7. Goldbach, R. and van Kamman, A. (1985) Structure, replication, and expression of the bipartite genome of cowpea mosaic virus. In Molecular Plant Virology, Vol. II, ed. J.W. Davies, CRC Press, Boca Raton, Florida, 83–120.Google Scholar
  8. Goldbach, R. (1987) Genome similarities between plant and animal RNA viruses. Microbiol. Sci. 4, 197–202.PubMedGoogle Scholar
  9. Grimsley, N., Hohn, T., Davies, J.W. and Hohn, B. (1987) Agrobacterium mediated delivery of infectious maize streak virus into maize plants. Nature (London) 272, 375–377.Google Scholar
  10. Hall, T.C., Marsh, L. and Dreher, T.W. (1987) Analysis of brome mosaic virus replication and aminoacylation functions by site-specific mutagenesis. J. Cell. Sci. (Suppl. 7 ), 287–302.Google Scholar
  11. Hohn, T., Hohn, B. and Pfeiffer, P. (1985) Reverse transcription in CaMV. Trends Biochem. Sci. 10, 205–209.CrossRefGoogle Scholar
  12. Hull, R. and Covey, (1983) Replication of cauliflower mosaic virus DNA. Science Prog., Oxfd. 68, 403–422.Google Scholar
  13. Hull, R., Covey, S.N. and Maule, A.J. (1987) Structure and replication of caulimovirus genomes. J. Cell. Sci. (Suppl. 7 ), 213–229.Google Scholar
  14. Hull, R., Sadler, J. and Longstaff, M. (1986) Sequence of carnation etched rign virus DNA: comparison with cauliflower mosaic virus and retroviruses. EMBO J. 5, 3083–3090.PubMedPubMedCentralCrossRefGoogle Scholar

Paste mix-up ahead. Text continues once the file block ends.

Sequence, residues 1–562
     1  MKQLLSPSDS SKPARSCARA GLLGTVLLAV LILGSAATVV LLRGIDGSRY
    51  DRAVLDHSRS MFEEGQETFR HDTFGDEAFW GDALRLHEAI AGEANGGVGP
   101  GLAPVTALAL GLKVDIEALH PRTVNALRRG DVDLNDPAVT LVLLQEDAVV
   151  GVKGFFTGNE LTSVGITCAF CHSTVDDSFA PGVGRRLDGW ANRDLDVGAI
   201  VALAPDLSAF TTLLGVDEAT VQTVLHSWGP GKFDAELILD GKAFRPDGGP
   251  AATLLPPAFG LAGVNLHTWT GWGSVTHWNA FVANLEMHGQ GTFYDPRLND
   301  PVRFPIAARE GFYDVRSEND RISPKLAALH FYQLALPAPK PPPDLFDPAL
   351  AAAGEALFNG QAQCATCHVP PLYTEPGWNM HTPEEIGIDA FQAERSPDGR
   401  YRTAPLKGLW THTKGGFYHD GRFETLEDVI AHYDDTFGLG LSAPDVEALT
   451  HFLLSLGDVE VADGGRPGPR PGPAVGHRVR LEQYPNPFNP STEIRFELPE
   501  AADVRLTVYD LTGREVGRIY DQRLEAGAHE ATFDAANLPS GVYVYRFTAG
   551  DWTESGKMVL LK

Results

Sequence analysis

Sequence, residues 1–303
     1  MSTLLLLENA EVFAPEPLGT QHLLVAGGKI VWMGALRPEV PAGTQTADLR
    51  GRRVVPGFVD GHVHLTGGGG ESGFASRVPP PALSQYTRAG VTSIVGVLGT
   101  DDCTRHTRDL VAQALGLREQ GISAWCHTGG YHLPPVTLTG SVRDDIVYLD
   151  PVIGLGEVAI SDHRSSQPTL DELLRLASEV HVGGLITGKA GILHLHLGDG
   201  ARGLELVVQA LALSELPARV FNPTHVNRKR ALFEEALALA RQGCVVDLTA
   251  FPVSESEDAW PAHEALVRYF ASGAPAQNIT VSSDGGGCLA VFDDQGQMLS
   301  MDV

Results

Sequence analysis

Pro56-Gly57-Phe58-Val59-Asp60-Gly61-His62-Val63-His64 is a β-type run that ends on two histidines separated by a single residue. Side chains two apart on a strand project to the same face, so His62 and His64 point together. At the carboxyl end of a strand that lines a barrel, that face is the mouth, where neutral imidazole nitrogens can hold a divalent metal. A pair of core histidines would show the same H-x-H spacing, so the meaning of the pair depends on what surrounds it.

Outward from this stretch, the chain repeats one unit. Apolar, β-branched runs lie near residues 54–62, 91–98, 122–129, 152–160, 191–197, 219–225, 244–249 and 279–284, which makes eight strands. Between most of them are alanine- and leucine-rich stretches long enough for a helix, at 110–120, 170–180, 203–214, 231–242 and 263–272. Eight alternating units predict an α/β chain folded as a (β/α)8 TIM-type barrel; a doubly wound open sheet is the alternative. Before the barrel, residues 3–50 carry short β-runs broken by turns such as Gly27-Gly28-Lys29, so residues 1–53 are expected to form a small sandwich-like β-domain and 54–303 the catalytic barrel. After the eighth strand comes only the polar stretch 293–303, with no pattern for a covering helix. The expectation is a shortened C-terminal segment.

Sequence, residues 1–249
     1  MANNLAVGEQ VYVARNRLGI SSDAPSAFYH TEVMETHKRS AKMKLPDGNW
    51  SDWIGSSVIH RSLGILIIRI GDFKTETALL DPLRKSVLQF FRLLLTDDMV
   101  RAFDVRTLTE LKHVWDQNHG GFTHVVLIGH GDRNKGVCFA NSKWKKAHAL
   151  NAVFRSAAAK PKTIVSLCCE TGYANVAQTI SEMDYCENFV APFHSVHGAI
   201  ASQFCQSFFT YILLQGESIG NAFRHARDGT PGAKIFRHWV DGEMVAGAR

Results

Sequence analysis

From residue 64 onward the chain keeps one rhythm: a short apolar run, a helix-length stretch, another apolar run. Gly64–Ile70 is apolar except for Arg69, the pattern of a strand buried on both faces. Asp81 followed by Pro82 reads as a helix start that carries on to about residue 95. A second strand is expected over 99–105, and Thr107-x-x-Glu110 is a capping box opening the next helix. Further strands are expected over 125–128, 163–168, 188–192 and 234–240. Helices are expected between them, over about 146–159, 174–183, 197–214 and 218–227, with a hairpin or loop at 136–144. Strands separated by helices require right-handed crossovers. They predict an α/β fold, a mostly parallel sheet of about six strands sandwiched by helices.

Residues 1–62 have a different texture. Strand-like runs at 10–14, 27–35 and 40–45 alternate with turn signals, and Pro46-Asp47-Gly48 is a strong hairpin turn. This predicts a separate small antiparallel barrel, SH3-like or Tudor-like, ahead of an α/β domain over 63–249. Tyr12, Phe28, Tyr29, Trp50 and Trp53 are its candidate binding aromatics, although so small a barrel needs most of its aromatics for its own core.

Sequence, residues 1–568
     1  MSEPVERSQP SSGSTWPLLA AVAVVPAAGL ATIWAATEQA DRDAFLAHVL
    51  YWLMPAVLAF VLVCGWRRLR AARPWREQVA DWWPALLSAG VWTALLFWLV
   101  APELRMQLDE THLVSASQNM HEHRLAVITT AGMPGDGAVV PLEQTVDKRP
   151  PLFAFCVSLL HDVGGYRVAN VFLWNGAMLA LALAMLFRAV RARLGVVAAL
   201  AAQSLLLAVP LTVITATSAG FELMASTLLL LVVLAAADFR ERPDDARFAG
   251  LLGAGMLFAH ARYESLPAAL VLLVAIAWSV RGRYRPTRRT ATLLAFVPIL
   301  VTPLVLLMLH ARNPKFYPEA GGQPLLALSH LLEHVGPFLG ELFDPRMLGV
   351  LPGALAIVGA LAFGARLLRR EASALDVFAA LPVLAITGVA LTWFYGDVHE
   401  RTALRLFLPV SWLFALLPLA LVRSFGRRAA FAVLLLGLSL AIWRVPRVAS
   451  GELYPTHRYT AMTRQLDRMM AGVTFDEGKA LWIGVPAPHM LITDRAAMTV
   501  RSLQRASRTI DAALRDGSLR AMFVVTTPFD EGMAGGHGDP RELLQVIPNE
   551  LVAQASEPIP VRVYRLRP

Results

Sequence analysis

15. Ishikawa, M., Meshi, T., Motoyoshi, f., Takamatsu, N. and Okada, Y. (1986) In vitro mutagenesis of the putative replicase genes of tobacco mosaic virus. Nucleic Acids Res. 14, 8291–8305.CrossRefPubMedPubMedCentralGoogle Scholar
  16. Kozak, M. (1983) Comparison of initiation of protein synthesis in prokaryotes, eukaryotes and organelles. Microbiol. Rev. 47, 1–45.PubMedPubMedCentralGoogle Scholar
  17. Lazarowitz, S.G. (1987) The molecular characterization of geminiviruses. Plant. Mol. Biol. Reporter 4, 177–192.CrossRefGoogle Scholar
  18. Lomonossoff, G.P. and Shanks, M. (1983) The nucleotide sequence of cowpea mosaic virus B RNA. EMBO J. 2, 2253–2258.PubMedPubMedCentralCrossRefGoogle Scholar
  19. Marsh, L.E., Dreher, T.W. and Hall, T.C. (1988) Mutational analysis of the core and modulator sequences of the BMV RNA 3 subgenomic promoter. Nucleic Acids Res. 16, 981–995.CrossRefPubMedPubMedCentralGoogle Scholar
  20. Matthews, R.E.F. (1982) Classification and nomenclature of viruses. Intervirology 17, nos. 1–3.Google Scholar